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30 November 2017
By Rebecca Avery

Ofcom’s Children and Parents Media Use and Attitudes Report 2017 published

Ofcom have published their annual Children and Parents Media Use and Attitudes Report  for 2017. The report examines children’s media literacy and provides detailed evidence on media use, attitudes and understanding among children and young people aged 5-15, as well as about the media access and use of young children aged 3-4. The report also includes findings relating to parents’ views about their children’s media use, and the ways that parents seek – or decide not – to monitor or limit use of different types of media. The full report can be accessed here; a summary is provided below based on content provided by Ofcom here. Schools and Early Years Settings may find the following content helpful when reviewing and developing  their online safeguarding curriculum and when speaking with staff and parents/carers.

Children’s Online Lives

More children are using the internet than ever before; 92% of 5- to 15-year-olds are online in 2017, up from 87% last year. More than half of preschoolers, 53% of 3-4s and 79% of 5-7s are online - a 12% rise on last year; much of this growth is driven by the increased use of tablets. Social media platforms are popular with younger children, even though most platforms require users to be aged 13 or over.  More than a quarter (28%) of 10-year-olds have a social media profile, rising to around half of children aged 11 or 12 (46% and 51% respectively).

There is low awareness among parents of minimum age requirements. Six in ten parents of children who use Facebook (62%), and around eight in ten parents of children who use Instagram or Snapchat (79% and 85%) either didn’t know there was an age restriction, or gave the incorrect age. Many parents choose not to apply minimum age limits.

Aside from social media, one of the primary online destinations for children of all ages is YouTube, with eight in ten (81%) children aged 5 to 15 regularly using the site to watch short clips or programmes. Among older children, YouTube is the most recognised content brand; 94% of 12-15s have heard of it compared to 89% for ITV, 87% for Netflix, and 82% for BBC One and Two. Resources and links to share with parents/carers can be found on Kelsi.

Media lives by age: a snapshot

Negative Online Experiences

Half of children (49%) aged 12 to 15 who use the internet say they ‘never’ see hateful content online. But this year there is a higher proportion of children who have seen such content, from 34% in 2016 to 45% in 2017. More than a third (37%) of children who saw this type of content took action. The most common response was to report it to the website in question (17%). Other steps included adding a counter-comment to say they thought it was wrong (13%), and blocking the person who shared or made the hateful comments (12%). Resources to help children report online concerns can be found within the Kent Online Safety Policy Template and Guidance and Online Safety Classroom Resources page on Kelsi.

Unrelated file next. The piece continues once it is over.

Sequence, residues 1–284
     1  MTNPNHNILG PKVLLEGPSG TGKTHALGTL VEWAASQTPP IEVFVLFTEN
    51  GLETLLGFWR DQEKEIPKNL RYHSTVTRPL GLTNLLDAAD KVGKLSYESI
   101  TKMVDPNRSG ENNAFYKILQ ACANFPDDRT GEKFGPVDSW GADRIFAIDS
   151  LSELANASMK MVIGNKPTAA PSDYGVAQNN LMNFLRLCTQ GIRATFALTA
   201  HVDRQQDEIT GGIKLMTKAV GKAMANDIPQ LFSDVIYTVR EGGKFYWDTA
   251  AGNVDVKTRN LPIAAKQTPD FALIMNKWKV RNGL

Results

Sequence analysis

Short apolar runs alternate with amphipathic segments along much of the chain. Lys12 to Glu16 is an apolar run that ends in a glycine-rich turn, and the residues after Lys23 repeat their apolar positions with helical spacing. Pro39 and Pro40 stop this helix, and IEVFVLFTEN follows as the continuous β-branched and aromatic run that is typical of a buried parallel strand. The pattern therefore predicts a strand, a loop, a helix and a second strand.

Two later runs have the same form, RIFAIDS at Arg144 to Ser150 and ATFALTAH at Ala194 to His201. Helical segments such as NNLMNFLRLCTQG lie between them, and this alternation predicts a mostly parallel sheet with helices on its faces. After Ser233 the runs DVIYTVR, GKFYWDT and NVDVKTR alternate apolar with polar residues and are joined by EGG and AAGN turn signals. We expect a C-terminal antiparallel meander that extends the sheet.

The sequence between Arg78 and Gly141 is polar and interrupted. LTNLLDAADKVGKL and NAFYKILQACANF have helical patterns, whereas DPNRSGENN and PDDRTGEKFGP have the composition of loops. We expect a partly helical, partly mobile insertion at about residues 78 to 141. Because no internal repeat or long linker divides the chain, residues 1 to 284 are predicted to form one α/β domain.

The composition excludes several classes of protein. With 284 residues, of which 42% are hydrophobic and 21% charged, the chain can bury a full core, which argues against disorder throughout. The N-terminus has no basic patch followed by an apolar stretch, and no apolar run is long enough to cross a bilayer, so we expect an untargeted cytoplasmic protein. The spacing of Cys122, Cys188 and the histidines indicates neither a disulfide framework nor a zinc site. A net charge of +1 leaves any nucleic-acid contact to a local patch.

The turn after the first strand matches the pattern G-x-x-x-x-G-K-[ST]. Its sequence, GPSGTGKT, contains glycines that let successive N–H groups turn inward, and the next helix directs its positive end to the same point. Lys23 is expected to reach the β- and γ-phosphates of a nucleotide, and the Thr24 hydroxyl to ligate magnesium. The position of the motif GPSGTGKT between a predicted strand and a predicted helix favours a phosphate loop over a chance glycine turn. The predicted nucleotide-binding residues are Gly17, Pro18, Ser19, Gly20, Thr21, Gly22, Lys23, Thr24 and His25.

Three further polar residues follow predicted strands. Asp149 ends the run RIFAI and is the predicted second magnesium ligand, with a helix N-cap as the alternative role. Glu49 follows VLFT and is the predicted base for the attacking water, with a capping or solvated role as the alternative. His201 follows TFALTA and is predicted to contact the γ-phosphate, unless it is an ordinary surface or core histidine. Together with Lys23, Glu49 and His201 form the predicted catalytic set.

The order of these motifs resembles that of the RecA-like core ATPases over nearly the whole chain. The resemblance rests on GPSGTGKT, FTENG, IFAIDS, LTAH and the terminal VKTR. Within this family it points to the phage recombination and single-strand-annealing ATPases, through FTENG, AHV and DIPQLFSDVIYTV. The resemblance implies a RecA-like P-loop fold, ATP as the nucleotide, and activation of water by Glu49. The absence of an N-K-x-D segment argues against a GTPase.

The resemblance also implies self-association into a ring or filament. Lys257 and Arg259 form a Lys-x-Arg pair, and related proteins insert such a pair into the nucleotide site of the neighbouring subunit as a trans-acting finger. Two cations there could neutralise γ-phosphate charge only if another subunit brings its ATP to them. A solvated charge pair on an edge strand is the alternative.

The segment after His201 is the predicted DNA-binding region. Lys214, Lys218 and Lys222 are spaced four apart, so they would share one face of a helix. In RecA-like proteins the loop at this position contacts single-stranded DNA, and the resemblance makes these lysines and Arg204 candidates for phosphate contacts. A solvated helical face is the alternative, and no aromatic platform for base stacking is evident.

Accessing News Online

More than half (54%) of 12- to 15-year-olds use social media platforms such as Facebook and Twitter to access online news, making social media the second most popular source of news after television (62%).

The news children read through social media is provided by third-party websites; while some of these may be reputable news organisations, others may not. Many children are wise to this; 32% of 12- to 15-year-olds who say social media is one of their top news sources believe news accessed through these sites is always, or mostly, reported truthfully, compared to 59% who say this about TV and 59% about radio.

Nearly three-quarters (73%) of online tweens are aware of the concept of ‘fake news’, and four in ten (39%) say they have seen a fake news story online or on social media.

Filtering Fake News

The vast majority of 12-15s who follow news on social media are questioning the content they see. Almost nine in ten (86%) say they would make at least one practical attempt to check whether a social media news story is true or false. The main approaches older children say they would take include:

  • Seeing if the news story appears elsewhere (48% of children who follow news on social media would do this).
  • Reading comments after the news report in a bid to verify its authenticity (39%)
  • Checking whether the organisation behind it is one they trust (26%)
  • Assessing the professional quality of the article (20%)

63% of 12- to 15-year-olds who are aware of fake news are prepared to do something about it:

  • 35% would tell their parents or another family member;
  • 18% would leave a comment saying they thought the news story was fake;
  • 14% would report the content to the social media website directly.

Some children still need help telling fact from fiction. Almost half (46%) of 12-15s who use social media for news say they find it difficult to tell whether a social media news story is true and 8% say they wouldn’t make any checks. Resources to explore 'fake news' issues in the classroom can be found on the Online Safety Classroom Resources page on Kelsi.

Review of children’s content on television

The research shows that most 8- to 15-year-olds believe there are enough programmes on television for children their age, and that the content suitably reflects their lives. Some 8- to 15-year-olds disagree; one third (35%) of 8-11s who watch TV say that not enough programmes show children that look like them; while 41% of 12-15s say too few programmes show children living in their part of the country. Building on this research, Ofcom has launched a Review of Children’s Content and will examine the range and quality of children’s programmes across TV broadcasters and content providers, and highlight any areas of concern.

Content dapted from